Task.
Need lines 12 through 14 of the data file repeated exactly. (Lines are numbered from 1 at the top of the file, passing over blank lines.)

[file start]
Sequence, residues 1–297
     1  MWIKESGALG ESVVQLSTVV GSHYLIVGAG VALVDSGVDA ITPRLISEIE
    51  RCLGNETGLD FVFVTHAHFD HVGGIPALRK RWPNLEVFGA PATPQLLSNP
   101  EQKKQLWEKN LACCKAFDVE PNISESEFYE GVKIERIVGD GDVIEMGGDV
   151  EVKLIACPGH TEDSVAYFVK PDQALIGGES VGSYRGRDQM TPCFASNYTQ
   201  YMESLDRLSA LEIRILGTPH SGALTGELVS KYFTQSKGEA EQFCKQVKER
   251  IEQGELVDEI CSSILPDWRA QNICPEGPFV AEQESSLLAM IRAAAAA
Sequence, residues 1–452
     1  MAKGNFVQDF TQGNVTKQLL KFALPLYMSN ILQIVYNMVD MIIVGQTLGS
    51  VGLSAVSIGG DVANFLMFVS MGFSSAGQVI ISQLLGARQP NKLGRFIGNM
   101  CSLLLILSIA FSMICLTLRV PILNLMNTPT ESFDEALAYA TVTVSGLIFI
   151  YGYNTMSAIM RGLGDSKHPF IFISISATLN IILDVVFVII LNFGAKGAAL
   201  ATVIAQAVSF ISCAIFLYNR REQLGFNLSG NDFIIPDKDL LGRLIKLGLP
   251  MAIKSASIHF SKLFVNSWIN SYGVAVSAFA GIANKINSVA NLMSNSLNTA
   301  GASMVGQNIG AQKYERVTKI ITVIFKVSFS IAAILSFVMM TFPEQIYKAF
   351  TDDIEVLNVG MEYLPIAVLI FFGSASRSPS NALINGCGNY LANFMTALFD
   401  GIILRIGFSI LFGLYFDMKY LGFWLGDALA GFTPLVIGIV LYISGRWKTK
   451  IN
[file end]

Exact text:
   151  YGYNTMSAIM RGLGDSKHPF IFISISATLN IILDVVFVII LNFGAKGAAL
   201  ATVIAQAVSF ISCAIFLYNR REQLGFNLSG NDFIIPDKDL LGRLIKLGLP
   251  MAIKSASIHF SKLFVNSWIN SYGVAVSAFA GIANKINSVA NLMSNSLNTA